It’s nothing new to be skeptical about medical research and, although I’ve never come over all Ben Goldacre before, a story last week finally broke my resolve.
So, as the BBC summarised:
“People who fail to brush their teeth twice a day are putting themselves at risk of heart disease, research suggests.”
“Suggests“. Mmmm. There’s an alarm bell right away. Don’t get me wrong, if spurious research suggests that eating chocolate makes you live longer, red wine makes your hair grow back or watching football makes you more virile I’m all for it. So don’t label me as a research naysayer right away.
Just that I think that this sort of research is, well, flawed. Or, more to the point, the reporting of it is. There are no hard and fast conclusions here, there is nothing definitive, only ifs buts and maybes. OK, so maybe they needed to get some coverage to secure more funding and what better way than to target one of Scotland’s main killers. Let’s be clear, I have very personal reasons for an improvement in the condition of Scottish hearts. So I wholeheartedly ( see what I did there? ) support anything that improves things but, and here’s the thing, can we believe it?
If you can stop yourself from brushing your teeth while clutching your left arm long enough to read to the bottom of the BBC website coverage it quite rightly says:
“However, it is complicated by the fact that poor oral hygiene is often associated with other well known risk factors for heart disease, such as smoking and poor diet.“
When I first heard the story on BBC Breakfast last week my instant reaction was “well, of course you’ll observe that coz if you’re dumb enough not to brush your teeth then there is a good chance you’ll not look after your heart either.”
To be fair, they do say:
“The researchers said more work is needed to confirm if poor oral health directly causes heart disease or is a marker of risk.”
Well duh, really? If that really is that case, shut up and come back when you’ve proved something. This one statement alone means you have no valid argument to get a headline spot on the BBC News. Quiet news day? No harm in supporting incomplete research for something an incontrovertibly obvious as brushing your teeth?
This kind of research seems to only mention the social, cultural aspects in passing. Let’s be honest, in Scotland it can’t be that hard to line up any number of factors to a likelihood of heart disease. I’m prepared to bet that you could prove, by the same measures, that having a tattoo makes you more likely to have a heart problem because “umm, maybe, the ink goes in your blood or something?” – which is really all the direct proof this research seems to have.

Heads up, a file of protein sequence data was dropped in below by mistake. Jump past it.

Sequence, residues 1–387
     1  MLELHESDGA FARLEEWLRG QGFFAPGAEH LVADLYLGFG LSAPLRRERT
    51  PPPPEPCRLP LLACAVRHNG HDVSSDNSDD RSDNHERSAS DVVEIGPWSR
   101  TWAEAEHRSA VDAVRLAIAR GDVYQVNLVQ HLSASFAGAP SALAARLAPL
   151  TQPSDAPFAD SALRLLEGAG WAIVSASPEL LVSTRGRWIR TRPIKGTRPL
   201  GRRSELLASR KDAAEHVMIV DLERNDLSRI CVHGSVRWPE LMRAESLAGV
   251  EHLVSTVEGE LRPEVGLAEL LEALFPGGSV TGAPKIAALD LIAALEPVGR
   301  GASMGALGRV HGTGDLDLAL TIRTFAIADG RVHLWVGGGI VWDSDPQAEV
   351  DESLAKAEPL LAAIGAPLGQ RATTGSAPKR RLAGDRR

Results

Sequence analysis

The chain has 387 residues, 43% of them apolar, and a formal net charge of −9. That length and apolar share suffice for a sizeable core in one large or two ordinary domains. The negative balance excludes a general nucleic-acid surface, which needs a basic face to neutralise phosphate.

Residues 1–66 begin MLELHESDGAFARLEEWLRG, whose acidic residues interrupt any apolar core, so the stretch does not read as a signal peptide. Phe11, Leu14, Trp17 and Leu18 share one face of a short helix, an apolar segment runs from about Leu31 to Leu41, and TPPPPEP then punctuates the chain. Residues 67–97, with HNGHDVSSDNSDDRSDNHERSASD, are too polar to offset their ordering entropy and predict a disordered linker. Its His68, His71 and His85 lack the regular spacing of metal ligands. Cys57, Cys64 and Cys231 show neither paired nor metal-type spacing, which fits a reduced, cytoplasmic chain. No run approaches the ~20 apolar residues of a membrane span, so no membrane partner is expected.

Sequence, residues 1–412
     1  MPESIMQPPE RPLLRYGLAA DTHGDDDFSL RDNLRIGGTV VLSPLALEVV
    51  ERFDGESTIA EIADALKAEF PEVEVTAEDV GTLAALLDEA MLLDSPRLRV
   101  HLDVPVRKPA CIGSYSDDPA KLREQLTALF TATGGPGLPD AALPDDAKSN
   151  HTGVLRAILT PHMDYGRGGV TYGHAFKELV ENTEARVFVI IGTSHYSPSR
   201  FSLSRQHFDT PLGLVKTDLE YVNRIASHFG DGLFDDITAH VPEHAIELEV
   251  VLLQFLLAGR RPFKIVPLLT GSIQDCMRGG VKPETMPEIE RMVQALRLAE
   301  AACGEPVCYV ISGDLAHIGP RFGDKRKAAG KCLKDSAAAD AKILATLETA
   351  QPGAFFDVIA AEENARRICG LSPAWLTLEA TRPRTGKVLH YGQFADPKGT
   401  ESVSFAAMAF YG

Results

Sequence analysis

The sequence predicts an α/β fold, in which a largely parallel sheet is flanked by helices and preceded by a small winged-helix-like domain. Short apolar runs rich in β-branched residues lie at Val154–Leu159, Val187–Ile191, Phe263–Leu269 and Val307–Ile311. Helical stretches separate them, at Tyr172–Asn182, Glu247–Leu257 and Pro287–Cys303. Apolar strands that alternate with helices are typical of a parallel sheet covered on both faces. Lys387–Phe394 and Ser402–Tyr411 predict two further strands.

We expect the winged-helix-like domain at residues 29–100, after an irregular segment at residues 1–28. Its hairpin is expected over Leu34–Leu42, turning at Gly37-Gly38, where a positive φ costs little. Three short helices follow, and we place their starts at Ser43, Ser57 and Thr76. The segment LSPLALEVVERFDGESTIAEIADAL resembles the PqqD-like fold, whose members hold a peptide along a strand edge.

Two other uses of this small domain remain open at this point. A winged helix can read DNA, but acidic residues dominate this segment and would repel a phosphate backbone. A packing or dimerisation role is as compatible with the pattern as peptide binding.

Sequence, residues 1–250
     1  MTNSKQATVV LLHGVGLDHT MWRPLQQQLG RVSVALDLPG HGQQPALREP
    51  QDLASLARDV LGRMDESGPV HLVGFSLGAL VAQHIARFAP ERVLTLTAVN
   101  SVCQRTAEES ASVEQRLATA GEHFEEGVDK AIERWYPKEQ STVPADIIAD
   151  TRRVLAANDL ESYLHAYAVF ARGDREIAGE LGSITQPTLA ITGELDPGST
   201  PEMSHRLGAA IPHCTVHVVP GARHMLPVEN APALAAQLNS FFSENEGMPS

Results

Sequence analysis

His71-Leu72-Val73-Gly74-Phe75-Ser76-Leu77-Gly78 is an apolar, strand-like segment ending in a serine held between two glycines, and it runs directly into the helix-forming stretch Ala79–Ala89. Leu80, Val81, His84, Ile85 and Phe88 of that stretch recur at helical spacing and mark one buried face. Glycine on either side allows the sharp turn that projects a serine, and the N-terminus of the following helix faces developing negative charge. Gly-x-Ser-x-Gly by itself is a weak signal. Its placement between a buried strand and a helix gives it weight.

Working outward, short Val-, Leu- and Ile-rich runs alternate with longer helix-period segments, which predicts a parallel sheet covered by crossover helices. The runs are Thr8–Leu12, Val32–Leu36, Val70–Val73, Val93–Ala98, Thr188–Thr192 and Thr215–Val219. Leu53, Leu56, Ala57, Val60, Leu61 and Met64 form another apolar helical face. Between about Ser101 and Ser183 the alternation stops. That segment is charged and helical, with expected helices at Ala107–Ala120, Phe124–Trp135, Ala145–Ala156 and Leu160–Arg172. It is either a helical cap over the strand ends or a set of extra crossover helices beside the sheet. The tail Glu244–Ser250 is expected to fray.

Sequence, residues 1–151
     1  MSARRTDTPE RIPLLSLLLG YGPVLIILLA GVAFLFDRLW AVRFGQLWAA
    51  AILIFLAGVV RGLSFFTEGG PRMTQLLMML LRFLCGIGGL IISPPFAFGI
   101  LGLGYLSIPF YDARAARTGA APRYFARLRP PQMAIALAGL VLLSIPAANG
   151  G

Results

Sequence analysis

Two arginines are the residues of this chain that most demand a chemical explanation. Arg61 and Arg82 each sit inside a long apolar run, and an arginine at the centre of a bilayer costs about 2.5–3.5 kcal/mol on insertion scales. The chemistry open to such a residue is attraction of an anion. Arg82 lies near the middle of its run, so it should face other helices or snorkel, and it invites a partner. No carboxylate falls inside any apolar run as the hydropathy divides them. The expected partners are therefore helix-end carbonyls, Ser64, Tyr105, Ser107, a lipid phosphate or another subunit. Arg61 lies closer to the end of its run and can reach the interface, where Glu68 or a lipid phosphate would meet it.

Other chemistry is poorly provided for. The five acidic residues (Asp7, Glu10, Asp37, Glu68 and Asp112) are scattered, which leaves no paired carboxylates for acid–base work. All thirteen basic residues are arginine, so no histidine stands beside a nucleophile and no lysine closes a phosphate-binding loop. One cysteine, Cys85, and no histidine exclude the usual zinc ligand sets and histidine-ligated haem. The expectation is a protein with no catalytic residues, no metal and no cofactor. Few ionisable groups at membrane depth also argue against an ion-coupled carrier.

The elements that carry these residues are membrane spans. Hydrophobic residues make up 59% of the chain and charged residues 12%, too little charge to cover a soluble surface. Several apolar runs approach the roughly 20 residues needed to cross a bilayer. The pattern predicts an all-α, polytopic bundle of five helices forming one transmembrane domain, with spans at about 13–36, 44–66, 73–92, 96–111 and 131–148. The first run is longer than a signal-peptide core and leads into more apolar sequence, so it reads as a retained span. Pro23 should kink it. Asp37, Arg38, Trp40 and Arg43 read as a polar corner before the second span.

In the end, no harm is done here. Whatever reason people use for looking after their teeth has to be good? Maybe further funding for this research is good, so if this coverage helps that then why not?
I only have two concerns.
- If you are dumb enough not to brush your teeth then you are dumb enough to read into this announcement that, as long as you brush your teeth, you can do whatever else you like and your heart will be fine. An exaggeration sure, but you get my point.
- There is a slight whiff of populace management here. What better way to get people to brush their teeth than to tell them it will stop them collapsing in the street? Bit extreme? Sure. But what other reason to make a broad, unsubstantiated statement at this stage of the research? The powers that be have to herd the sheep somehow and, as well as the well-meaning plot lines in Eastenders, this is maybe the next best thing to get eejits to look after themselves.
It’s bank holiday and everyone else is having fun. Grumble, grumble, complain. And I had to blog about something else to stop this turning solely into an advert for Edinburgh Zoo :-).